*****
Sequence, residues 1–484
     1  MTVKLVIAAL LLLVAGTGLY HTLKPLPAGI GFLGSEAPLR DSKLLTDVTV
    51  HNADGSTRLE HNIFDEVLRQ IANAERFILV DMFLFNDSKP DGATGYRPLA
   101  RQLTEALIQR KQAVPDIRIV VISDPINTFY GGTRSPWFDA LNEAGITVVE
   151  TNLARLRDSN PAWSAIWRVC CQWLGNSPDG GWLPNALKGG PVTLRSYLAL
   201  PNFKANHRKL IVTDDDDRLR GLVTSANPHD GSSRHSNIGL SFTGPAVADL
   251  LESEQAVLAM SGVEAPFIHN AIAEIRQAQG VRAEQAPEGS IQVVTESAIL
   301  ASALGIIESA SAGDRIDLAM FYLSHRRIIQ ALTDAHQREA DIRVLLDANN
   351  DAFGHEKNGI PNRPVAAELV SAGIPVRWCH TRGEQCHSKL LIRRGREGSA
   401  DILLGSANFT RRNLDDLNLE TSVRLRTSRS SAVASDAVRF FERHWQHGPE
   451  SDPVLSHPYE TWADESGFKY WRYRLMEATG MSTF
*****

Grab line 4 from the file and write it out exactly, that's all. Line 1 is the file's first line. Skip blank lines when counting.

   101  RQLTEALIQR KQAVPDIRIV VISDPINTFY GGTRSPWFDA LNEAGITVVE